As Reuters noted, “Support for the measure was gaining momentum amid Congressional anger over the ill-timed Saudi-Russia oil price war.”

Thus, in the last year of his presidency, Trump oversaw the worldwide cuts in oil production that would lead to today’s prices soaring well past $130 a barrel.

Which brings us to today, with oil prices soaring. When President Biden tried to reach out to our allies, Saudi Arabia and the UAE, to ask them to restore the production they’d cut under threat from Trump, both refused to take his call, according to press reports. Meteor Blades reported at Daily Kos that The Wall Street Journal laid it out:

“The Saudis have signaled that their relationship with Washington has deteriorated under the Biden administration, and they want more support for their intervention in Yemen’s civil war, help with their own civilian nuclear program as Iran’s moves ahead, and legal immunity for Prince Mohammed in the U.S., Saudi officials said. The crown prince faces multiple lawsuits in the U.S., including over the killing of journalist Jamal Khashoggi in 2018.

“The Emiratis share Saudi concerns about the restrained U.S. response to recent missile strikes by Iran-backed Houthi militants in Yemen against the U.A.E. and Saudi Arabia, officials said. Both governments are also concerned about the revival of the Iran nuclear deal, which doesn’t address other security concerns of theirs and has entered the final stages of negotiations in recent weeks.”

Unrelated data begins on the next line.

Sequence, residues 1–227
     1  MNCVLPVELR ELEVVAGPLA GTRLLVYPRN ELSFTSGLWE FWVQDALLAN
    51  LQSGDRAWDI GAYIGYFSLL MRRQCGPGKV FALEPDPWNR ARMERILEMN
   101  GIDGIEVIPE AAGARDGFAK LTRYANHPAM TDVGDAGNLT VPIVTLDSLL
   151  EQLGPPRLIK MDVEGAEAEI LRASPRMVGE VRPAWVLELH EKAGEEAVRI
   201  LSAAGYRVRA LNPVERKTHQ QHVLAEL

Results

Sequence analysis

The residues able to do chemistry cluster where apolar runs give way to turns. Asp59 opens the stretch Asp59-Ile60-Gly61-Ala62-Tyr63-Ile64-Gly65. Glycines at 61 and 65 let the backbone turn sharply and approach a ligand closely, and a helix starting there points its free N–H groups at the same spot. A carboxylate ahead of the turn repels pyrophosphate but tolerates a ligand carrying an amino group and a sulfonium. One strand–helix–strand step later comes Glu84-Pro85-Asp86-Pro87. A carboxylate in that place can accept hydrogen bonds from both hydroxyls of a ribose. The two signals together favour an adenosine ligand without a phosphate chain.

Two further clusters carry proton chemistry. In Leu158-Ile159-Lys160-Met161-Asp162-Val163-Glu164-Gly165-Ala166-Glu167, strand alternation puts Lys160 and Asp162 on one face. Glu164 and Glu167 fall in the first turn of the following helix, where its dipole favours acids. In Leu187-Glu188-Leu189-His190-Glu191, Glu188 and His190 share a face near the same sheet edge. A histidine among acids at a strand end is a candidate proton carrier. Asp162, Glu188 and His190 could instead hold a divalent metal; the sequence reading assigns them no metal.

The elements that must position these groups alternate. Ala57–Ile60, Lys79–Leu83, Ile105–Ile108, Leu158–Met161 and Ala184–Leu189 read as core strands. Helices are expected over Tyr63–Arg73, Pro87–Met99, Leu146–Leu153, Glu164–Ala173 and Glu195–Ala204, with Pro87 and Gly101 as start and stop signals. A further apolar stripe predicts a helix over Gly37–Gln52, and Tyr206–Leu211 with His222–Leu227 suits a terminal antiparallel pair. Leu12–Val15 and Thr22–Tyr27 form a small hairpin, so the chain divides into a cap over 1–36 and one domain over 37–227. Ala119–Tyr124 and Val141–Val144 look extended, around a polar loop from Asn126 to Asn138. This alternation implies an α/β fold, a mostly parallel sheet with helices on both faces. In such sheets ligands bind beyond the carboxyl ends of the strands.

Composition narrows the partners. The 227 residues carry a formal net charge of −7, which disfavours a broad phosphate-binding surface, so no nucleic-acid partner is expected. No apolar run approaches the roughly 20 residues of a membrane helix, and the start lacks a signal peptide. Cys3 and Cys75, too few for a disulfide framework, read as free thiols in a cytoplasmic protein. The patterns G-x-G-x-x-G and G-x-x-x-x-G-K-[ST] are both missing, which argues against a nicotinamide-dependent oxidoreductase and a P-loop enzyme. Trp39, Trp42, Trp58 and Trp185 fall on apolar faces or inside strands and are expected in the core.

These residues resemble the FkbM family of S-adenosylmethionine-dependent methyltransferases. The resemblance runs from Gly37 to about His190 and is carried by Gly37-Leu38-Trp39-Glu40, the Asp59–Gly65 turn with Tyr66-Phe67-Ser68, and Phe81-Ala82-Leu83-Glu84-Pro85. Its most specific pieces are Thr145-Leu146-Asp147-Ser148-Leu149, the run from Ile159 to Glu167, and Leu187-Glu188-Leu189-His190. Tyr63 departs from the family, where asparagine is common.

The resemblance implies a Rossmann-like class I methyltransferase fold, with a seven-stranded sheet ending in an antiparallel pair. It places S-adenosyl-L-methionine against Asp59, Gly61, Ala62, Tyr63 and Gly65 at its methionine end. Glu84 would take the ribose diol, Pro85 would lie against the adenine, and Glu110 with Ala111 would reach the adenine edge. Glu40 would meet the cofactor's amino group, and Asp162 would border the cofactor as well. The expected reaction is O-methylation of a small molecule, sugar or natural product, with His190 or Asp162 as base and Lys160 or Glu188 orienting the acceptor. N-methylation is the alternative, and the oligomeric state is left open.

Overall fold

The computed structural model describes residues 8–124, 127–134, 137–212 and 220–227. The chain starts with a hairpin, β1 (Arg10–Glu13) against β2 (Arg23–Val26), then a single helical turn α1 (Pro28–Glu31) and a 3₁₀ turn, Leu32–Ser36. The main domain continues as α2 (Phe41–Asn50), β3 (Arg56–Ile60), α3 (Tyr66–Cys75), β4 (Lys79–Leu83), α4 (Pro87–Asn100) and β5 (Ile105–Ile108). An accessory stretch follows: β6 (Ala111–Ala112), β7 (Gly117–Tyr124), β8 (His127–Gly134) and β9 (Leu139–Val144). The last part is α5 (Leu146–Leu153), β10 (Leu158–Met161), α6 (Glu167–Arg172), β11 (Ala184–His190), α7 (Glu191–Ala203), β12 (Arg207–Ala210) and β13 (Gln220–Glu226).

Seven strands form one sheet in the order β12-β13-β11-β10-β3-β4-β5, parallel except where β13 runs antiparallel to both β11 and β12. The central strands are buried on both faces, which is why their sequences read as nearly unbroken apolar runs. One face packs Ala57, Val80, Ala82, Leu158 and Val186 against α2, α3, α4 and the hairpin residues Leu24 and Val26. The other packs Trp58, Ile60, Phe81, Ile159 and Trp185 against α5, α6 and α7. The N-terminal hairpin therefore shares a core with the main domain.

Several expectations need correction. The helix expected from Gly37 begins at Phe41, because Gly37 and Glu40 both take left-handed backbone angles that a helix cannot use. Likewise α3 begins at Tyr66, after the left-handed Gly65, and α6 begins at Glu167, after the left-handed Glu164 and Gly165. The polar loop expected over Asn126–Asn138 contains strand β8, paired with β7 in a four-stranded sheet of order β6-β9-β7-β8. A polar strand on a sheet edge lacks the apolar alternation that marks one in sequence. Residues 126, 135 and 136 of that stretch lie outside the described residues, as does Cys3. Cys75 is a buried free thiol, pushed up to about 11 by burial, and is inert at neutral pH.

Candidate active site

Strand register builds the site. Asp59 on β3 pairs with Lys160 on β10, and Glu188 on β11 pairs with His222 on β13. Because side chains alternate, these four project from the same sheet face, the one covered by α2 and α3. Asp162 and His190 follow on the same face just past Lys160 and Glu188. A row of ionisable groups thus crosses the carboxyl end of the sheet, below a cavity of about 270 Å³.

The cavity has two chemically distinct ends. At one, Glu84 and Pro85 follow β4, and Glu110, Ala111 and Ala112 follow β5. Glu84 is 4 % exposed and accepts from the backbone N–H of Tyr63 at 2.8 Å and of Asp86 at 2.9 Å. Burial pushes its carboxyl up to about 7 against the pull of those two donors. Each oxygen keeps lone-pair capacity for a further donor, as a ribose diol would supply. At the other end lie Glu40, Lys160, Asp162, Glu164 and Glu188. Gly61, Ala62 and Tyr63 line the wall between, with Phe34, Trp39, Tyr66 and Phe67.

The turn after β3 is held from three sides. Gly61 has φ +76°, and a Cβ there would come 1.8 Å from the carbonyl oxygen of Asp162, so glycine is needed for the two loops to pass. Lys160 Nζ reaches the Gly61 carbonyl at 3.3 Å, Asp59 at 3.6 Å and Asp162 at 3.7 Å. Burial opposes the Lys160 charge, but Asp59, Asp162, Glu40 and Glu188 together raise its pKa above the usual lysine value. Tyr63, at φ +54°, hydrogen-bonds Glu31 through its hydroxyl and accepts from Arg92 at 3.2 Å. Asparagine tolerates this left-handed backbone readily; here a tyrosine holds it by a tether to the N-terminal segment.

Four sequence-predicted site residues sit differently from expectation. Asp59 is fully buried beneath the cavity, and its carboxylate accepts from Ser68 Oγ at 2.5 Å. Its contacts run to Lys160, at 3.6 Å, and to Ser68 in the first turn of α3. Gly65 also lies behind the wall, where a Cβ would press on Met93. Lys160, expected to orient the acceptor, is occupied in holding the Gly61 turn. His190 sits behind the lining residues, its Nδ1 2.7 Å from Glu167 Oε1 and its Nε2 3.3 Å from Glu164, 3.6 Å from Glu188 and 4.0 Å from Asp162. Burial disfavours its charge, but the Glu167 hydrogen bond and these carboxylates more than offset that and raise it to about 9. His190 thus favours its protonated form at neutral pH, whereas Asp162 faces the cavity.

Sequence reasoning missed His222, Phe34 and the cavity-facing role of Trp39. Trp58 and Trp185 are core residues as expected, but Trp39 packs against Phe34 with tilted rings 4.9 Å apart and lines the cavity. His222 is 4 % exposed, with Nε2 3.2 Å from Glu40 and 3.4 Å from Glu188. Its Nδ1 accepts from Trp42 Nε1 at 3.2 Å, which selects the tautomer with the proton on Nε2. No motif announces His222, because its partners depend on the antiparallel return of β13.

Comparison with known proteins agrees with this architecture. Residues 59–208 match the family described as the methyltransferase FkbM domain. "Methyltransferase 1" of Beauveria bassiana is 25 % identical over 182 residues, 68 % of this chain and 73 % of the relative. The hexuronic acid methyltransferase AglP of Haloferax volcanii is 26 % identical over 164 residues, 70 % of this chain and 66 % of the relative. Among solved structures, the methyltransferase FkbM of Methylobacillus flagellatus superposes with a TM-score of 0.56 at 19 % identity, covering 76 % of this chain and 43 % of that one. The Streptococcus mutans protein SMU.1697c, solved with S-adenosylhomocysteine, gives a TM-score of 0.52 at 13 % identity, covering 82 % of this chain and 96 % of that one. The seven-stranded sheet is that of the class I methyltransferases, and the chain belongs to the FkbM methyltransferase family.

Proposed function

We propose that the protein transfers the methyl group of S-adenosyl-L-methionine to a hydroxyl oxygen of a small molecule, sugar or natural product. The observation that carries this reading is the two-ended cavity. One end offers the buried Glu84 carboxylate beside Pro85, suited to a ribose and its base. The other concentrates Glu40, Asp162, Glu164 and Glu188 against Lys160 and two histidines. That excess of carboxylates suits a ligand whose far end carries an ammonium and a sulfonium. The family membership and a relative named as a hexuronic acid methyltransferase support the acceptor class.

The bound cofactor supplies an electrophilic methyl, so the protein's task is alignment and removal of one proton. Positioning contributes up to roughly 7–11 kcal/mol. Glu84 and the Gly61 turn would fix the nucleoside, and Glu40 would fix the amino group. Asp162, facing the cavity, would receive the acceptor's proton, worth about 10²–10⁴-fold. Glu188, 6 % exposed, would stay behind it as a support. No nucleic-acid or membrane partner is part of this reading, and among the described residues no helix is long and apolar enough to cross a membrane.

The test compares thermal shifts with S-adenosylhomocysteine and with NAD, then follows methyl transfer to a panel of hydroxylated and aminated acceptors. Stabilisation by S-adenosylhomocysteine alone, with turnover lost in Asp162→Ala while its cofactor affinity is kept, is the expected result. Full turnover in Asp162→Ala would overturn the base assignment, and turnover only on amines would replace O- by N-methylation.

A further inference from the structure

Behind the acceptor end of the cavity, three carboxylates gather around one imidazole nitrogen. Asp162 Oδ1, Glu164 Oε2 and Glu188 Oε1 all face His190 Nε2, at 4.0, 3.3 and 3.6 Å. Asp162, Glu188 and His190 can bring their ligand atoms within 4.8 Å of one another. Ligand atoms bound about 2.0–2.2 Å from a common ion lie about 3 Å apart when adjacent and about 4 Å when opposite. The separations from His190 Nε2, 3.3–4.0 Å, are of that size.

The outcome is predictable. Saudi Arabia and Russia keep oil production tight to keep oil prices and profits high, while President Biden is attacked from every direction in the U.S. for high prices at the pump.

Republican politicians grandstand on the issue and hammer it daily into the news, blaming the increased price of gasoline on a president who’s trying to both get Iranian oil back on the market and increase Saudi production. The high price of gas and diesel, meanwhile, keep jacking up U.S. inflation, giving the GOP another lead pipe to hit Democrats over the head with.

Neither of Biden’s efforts to lower oil prices are working, though, as the result of Trump’s two gutless actions on behalf of his patrons. The Iranian talks are bogged down — the Iranians can see what happens to a country that gives up its nukes just by turning on the news and looking at Ukraine — and Saudi Arabia wants Biden to come on bended knee and approve of their slaughter in Yemen, something that would be very costly to American moral standing in the world.

The result is more money for Putin’s war machine and the Saudi crown prince, and a significant increase in the chances an oil-industry-friendly Republican Congress will be installed next year and a Putin/Saudi-friendly Republican President will win election in 2024. Trump may be long out of power, but the impact of his corrupt treachery lives on.